The OneUp V2 is a cable operated dropper post, for which they recently released a new lever option in their V3 remote. This remote was designed to produce more leverage and reduce the force required to operate any dropper seatpost, dropping the input force by 27% over their V2 remote. There’s a large rubber thumb pad which can be replaced for a choice of 7 different colors, which features an integrated cable port to allow you to easily tuck away an uncrimped cable end. Cable tension can be tweaked easily with the integrated barrel adjuster. OneUp offers a wide range of options for dropper remote fitment, to help it to integrate neatly with the majority of systems, and the remote features three threaded holes to obtain the best position on the bars. The OneUp V3 remote weighs a claimed 29g and retails for $45, with additional cost depending on the bar clamp option selected.
I ordered the 31.6mm diameter OneUp V2 240mm dropper with a V3 remote with the 22.2mm bar clamp, which tipped the scales at 673g and 48g respectively. Installation was a breeze, thanks to the lever end cable clamping and easily accessed seatpost actuator for sliding in the cable barrel end. The cut mark at the lever makes determining the correct cable length as simple as can be, though it’s worth double and triple checking that everything is moving well before you do the final trim to size in case the cable outer isn’t sitting in place correctly. The seat clamp system theoretically allows you to fit the saddle without fully taking out the hardware, but I often found it difficult to get everything lined up well, and usually opted to fully take out the rear bolt and fit it at the end. It’s far from the most difficult system to get together and offers ample tilt adjustment to cater to just about any seat tube angle.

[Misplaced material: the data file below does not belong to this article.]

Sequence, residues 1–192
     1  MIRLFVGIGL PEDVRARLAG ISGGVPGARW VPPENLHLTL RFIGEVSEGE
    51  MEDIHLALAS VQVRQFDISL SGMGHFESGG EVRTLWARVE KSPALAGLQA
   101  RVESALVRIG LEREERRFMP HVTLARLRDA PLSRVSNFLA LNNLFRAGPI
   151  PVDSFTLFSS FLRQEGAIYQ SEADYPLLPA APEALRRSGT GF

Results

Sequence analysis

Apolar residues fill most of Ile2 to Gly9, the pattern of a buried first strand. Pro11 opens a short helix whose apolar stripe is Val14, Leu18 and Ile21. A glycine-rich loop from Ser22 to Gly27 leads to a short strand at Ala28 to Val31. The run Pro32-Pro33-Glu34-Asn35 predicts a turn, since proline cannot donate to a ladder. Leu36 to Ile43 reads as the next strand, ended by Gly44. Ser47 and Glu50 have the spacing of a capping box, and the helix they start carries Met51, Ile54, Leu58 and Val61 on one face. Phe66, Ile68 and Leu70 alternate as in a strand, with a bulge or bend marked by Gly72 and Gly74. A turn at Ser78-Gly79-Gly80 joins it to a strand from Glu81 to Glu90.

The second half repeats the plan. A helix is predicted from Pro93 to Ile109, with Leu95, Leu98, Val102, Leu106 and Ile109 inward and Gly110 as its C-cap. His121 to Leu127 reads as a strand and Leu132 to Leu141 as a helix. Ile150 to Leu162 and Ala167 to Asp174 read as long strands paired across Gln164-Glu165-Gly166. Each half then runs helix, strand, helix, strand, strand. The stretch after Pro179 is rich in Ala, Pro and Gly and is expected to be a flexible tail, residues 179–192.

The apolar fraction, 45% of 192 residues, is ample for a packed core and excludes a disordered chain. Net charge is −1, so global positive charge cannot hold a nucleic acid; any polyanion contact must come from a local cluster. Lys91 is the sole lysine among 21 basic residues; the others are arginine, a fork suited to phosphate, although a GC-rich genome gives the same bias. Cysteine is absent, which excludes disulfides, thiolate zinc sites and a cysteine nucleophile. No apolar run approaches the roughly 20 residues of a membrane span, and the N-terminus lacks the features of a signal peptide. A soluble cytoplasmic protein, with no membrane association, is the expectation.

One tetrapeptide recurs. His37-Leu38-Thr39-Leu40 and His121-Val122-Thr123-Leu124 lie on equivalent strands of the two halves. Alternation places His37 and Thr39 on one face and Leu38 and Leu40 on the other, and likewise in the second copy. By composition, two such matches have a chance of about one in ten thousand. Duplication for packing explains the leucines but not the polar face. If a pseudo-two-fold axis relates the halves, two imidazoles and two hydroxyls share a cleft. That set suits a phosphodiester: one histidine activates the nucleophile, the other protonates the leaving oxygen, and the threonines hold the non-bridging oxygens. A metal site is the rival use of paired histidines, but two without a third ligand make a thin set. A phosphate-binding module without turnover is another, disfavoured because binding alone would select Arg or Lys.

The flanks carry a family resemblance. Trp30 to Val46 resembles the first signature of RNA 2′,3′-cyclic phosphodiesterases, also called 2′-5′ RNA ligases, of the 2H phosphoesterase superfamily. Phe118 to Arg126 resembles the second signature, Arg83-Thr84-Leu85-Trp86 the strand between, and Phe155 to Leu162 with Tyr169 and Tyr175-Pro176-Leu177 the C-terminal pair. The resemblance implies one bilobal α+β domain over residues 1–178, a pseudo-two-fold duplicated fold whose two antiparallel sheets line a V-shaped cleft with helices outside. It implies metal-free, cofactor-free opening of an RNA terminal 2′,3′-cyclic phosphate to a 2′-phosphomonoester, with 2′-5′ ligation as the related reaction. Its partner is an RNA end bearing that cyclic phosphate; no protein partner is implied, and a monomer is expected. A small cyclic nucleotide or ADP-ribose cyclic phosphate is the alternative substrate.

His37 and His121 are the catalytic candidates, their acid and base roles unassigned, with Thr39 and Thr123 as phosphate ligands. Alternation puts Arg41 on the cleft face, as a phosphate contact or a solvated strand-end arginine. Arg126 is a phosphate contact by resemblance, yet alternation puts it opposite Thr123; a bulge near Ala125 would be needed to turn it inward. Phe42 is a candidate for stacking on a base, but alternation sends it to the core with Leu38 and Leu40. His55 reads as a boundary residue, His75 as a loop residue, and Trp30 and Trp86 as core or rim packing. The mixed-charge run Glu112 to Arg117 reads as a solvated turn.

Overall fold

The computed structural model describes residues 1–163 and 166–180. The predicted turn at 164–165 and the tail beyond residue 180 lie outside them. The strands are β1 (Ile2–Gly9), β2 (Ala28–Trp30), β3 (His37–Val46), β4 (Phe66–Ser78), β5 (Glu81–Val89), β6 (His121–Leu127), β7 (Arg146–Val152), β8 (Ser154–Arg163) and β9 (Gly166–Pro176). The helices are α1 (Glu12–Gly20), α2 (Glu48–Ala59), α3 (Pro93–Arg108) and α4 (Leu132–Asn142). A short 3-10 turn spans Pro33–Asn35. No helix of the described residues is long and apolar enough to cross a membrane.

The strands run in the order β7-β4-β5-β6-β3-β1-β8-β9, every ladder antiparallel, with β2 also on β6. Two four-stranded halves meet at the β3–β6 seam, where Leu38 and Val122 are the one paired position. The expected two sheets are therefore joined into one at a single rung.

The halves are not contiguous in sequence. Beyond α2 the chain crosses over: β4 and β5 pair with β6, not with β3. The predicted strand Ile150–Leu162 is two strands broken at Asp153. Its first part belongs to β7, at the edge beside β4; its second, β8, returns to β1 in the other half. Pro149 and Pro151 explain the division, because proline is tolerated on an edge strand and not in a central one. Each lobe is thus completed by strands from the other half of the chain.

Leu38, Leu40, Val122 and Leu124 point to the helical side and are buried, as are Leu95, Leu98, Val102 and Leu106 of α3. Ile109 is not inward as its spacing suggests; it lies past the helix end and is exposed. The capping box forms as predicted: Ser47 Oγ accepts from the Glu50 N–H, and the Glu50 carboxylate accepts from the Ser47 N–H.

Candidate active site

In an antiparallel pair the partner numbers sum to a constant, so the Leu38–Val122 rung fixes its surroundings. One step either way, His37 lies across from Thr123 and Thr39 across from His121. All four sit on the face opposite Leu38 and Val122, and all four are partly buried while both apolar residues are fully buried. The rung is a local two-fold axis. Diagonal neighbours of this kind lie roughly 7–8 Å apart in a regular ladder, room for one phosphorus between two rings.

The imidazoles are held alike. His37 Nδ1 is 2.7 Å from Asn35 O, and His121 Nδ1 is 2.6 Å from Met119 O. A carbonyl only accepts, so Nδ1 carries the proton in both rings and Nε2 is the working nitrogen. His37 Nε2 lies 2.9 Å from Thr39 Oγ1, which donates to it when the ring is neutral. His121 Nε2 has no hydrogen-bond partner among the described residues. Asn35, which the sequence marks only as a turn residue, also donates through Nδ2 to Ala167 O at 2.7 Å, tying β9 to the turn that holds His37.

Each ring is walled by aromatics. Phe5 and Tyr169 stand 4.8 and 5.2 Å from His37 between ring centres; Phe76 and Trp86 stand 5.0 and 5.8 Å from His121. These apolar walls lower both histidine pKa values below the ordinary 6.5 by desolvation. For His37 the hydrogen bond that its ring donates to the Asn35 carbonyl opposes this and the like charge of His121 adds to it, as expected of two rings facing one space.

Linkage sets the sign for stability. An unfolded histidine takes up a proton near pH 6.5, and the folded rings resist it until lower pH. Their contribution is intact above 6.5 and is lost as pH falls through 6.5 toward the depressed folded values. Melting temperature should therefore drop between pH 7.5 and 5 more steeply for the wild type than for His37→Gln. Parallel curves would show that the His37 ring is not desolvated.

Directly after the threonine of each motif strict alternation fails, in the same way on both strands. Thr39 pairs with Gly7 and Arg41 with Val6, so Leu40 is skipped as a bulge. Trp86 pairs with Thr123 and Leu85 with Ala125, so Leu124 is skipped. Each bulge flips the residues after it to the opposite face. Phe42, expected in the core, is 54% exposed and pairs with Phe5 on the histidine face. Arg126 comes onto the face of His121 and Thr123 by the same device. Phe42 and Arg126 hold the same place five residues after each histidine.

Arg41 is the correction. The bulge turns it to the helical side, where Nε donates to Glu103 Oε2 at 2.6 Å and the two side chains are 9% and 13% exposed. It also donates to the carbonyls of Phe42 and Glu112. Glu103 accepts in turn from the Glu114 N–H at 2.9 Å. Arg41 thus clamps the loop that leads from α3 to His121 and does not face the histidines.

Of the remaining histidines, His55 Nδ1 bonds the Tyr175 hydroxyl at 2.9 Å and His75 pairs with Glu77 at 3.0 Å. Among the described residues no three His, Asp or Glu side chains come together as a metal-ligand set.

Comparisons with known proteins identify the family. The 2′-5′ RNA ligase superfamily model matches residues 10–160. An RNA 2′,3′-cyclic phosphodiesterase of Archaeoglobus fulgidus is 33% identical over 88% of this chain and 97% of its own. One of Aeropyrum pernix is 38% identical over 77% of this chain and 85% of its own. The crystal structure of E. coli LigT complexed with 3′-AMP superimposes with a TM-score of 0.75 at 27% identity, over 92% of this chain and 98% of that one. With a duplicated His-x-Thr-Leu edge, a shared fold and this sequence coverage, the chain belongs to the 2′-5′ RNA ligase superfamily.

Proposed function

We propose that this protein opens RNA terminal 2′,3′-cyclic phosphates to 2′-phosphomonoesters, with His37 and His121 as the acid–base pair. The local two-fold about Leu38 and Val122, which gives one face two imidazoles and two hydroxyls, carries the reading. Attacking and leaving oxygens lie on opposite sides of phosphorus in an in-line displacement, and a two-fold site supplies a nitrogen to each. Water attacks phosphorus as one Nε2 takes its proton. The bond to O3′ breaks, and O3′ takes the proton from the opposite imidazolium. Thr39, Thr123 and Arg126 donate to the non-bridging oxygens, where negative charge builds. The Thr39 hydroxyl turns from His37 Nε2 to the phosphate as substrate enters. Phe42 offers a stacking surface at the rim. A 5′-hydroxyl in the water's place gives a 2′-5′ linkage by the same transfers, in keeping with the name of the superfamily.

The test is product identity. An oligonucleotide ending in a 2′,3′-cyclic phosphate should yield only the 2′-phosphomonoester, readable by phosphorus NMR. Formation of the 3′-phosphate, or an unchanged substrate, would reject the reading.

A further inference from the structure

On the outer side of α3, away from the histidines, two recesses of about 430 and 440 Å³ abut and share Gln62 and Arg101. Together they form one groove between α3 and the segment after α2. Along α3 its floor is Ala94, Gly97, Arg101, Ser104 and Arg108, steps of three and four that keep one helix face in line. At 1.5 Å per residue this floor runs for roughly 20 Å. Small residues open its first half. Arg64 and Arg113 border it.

The V3 remote has a nice smooth actuation with limited lever force, and the OneUp system only falls short in terms of its light action to the likes of the SDG Tellis by a small amount. It drops smoothly initially and returns quickly with a nice audible “thunk” to let you know it’s up and ready to accept your derriere for seated pedaling duties. The rubber pad on the V3 remote adds grip and comfort effectively, and the ergonomics left me without any complaints. Sure, it’d be nice to have various options to tweak the rotation of the lever, but it’s not necessary as proven by the OneUp remote. Surprisingly there is limited, if any, loss of stiffness of the dropper post in its 240mm guise, holding solidly and suggesting a long and happy life of supporting my weight. There’s a small amount of rotational free play in the system as standard, but it manages to avoid any rattling and I was unable to feel it when pedaling. It’s nice to know that there’s always the option to purchase the oversized pins to tune this out if it was to worsen over time, but after six months I haven’t felt the need.